A short circuit occurs when an accidental connection is created between a neutral wire or the ground in a circuit. If you notice fuses being repeatedly blown or a circuit breaker trips frequently, it could be a sign of a short circuit. You may also hear loud, popping noises when the circuit is activated.
By resolving the short circuit as soon as possible, you’ll reduce the likelihood of deteriorating wire and its insulation, and prevent the breaker from causing a fire.
Below you’ll find the steps on how to find a short circuit with a multimeter.
Step 1. Check your equipment
The first thing you’ll need to do to find a short circuit is to look for physical signs. This may include visible burns or metal on wires, burning smells, or flickering lights. Once you’ve identified a potential short, use your multimeter to confirm the voltage by setting it to resistance or continuity setting.
If you notice a lower-than-expected resistance, then that’s a clear indication that current is being diverted away from the area, and there’s a short circuit.
Step 2. Test and Repair
After you’ve confirmed the source of the short circuit, make sure that you shut off the power to the electrical circuit by turning off the circuit breaker. You should then switch the multimeter from the resistance setting to AC volts and insert the metal probes into the problem receptacle or switch.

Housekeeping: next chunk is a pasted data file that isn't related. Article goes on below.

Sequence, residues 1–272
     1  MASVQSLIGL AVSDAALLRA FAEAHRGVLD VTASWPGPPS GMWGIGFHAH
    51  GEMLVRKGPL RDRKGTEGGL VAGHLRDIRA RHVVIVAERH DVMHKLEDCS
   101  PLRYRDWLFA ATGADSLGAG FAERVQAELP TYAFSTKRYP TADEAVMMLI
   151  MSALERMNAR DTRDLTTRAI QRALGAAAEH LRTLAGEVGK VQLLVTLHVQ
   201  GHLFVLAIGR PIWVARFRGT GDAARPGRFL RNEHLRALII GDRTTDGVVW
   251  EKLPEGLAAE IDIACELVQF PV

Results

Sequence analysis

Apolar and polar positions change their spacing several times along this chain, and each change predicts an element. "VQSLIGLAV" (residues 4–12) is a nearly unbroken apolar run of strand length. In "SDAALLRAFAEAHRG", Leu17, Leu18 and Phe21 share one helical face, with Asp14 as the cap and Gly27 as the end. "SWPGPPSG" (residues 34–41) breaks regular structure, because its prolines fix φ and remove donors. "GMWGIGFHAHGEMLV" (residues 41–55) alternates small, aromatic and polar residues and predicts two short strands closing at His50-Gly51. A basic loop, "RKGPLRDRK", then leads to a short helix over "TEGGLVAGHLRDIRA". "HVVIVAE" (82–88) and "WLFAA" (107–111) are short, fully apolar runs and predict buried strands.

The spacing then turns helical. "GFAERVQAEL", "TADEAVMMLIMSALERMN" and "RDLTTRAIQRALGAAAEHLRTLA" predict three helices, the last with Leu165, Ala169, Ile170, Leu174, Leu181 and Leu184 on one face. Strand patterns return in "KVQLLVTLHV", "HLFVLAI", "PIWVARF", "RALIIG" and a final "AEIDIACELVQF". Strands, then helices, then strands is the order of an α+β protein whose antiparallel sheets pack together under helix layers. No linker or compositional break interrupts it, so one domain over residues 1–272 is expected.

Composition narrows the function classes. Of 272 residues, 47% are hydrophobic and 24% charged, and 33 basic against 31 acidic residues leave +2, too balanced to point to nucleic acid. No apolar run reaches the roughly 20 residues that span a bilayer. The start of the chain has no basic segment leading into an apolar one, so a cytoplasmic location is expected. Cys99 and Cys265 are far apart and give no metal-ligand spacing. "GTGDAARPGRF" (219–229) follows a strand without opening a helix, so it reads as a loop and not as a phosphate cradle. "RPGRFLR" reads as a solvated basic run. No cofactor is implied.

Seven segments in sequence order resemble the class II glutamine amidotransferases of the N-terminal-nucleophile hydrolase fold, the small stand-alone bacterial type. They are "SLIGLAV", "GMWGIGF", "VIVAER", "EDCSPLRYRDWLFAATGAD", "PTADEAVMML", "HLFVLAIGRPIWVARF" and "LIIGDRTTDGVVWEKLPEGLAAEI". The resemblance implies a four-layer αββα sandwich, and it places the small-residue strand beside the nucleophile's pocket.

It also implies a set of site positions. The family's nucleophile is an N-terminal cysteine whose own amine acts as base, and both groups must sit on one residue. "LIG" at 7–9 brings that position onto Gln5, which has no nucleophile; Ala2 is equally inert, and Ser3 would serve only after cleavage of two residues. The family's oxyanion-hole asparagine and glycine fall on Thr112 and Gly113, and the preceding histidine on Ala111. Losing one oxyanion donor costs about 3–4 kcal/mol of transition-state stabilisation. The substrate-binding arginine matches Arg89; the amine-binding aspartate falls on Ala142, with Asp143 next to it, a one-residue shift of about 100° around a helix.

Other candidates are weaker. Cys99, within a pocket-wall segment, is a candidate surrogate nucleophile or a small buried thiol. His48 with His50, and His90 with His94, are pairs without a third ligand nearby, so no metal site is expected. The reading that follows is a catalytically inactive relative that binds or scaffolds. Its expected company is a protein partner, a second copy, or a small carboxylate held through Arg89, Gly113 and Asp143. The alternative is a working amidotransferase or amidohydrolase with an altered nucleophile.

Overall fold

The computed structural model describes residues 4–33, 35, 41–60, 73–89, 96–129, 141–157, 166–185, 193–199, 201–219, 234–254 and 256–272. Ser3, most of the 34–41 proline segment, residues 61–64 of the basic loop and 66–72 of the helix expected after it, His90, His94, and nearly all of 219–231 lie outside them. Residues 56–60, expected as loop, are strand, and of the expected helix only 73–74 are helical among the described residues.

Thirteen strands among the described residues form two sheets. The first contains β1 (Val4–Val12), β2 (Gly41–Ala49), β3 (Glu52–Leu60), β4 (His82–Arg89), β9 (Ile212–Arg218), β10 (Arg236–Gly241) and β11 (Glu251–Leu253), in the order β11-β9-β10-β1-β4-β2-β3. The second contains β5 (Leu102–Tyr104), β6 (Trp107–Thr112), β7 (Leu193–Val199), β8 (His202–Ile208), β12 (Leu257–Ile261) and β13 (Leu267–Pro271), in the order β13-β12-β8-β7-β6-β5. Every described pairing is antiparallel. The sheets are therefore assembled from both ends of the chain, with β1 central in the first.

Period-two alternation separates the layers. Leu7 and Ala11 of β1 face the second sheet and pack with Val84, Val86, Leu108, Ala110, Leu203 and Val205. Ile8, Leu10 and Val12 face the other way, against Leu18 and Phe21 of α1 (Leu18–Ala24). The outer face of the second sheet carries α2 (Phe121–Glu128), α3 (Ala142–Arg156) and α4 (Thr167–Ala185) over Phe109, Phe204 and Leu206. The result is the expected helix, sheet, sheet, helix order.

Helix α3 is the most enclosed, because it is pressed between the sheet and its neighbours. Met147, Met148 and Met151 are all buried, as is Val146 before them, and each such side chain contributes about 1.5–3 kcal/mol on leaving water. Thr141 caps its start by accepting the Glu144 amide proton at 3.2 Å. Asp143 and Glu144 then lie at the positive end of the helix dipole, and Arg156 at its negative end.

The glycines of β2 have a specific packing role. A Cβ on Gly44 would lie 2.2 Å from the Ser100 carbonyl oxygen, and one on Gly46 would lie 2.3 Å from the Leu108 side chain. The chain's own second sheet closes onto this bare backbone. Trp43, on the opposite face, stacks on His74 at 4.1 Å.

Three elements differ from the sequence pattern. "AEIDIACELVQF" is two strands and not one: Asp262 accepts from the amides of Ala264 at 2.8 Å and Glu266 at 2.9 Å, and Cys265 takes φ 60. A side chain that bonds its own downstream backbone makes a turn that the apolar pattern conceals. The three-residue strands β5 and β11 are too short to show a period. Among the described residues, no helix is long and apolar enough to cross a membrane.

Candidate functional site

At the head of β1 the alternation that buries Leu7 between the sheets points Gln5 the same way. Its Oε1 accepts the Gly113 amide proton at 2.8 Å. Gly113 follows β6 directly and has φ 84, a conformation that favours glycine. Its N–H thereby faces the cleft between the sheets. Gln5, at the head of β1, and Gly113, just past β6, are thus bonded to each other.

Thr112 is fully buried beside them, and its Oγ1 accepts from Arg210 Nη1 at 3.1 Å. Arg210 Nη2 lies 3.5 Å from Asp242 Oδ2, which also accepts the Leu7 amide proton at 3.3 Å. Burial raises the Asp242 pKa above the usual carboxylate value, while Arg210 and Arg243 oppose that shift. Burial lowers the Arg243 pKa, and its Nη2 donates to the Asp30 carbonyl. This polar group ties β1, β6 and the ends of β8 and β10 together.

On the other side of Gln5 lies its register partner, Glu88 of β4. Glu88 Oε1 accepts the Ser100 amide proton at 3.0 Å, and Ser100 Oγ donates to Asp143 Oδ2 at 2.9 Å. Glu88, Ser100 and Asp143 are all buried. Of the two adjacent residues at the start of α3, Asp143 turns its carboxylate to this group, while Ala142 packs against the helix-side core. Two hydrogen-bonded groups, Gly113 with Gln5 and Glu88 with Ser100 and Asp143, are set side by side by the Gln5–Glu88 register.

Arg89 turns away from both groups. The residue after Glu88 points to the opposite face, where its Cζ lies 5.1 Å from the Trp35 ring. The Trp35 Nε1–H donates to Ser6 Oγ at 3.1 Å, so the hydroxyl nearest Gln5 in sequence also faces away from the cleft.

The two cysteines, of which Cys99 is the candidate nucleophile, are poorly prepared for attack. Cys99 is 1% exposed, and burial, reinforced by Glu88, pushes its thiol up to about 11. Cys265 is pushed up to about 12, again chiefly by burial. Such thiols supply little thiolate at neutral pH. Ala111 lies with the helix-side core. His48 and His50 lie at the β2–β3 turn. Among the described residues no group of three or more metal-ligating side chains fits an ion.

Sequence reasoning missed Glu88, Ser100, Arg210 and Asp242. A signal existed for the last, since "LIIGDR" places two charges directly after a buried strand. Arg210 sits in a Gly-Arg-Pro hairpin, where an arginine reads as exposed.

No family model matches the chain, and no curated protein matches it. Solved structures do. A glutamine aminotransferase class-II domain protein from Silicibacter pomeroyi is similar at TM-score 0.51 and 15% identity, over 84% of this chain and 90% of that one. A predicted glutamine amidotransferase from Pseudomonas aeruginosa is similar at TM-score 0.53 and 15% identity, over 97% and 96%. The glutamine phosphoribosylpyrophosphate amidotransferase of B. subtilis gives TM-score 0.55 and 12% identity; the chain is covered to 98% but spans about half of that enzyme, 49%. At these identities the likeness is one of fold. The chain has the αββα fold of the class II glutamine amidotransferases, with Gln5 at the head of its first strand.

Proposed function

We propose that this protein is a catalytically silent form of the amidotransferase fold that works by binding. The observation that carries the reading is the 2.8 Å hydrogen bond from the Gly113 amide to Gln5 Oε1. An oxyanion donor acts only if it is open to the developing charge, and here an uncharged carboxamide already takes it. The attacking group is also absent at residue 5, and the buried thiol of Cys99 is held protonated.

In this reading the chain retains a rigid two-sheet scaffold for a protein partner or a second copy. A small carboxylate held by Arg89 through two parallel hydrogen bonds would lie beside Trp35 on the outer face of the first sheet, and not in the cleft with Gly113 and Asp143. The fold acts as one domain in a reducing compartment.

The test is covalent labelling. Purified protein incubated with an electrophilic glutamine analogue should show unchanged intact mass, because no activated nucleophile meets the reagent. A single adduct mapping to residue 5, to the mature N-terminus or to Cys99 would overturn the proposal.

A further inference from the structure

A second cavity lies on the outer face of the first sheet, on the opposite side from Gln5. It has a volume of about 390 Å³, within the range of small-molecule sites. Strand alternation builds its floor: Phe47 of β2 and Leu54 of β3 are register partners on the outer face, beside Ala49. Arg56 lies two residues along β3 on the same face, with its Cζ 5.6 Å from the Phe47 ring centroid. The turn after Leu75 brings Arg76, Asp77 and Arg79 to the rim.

Your multimeter should show zero volts. That indicates that there’s no power running through the electrical circuit. If, for some reason, there is voltage present, you’ll have to find the right circuit breaker and repeat the procedure to verify that there isn’t any current in the electrical circuit.
Step 3. Check terminal boxes
Now that there’s no power in the electrical circuit, you can switch the multimeter to ohms and check the wires. If your multimeter shows infinite ohms or OL, then that means that the breaker could have deteriorated and tripped from a lower current flow. In this case, you need to access the main panel and replace it.
If the multimeter shows continuity, there is a short circuit. It could be caused by a faulty breaker, broken wire, or a faulty receptacle or switch. To resolve the short circuit, replace the defective receptacle or switch. If you still get a continuity reading on your multimeter, be sure to inspect all the wires to ensure none of them show bare copper that could touch somewhere and short out. If everything is okay, screw the cables back to their original terminal, and then reinstall them in the box with the wall plate.
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Fixing short circuits can be dangerous if you don’t follow the right procedures. Simutech Multimedia’s training system covers the best practices for troubleshooting a variety of electrical faults you may encounter in your manufacturing environment. You’ll learn how to find a short circuit with a multimeter in a completely safe, 3D environment. Book your demo today to get started!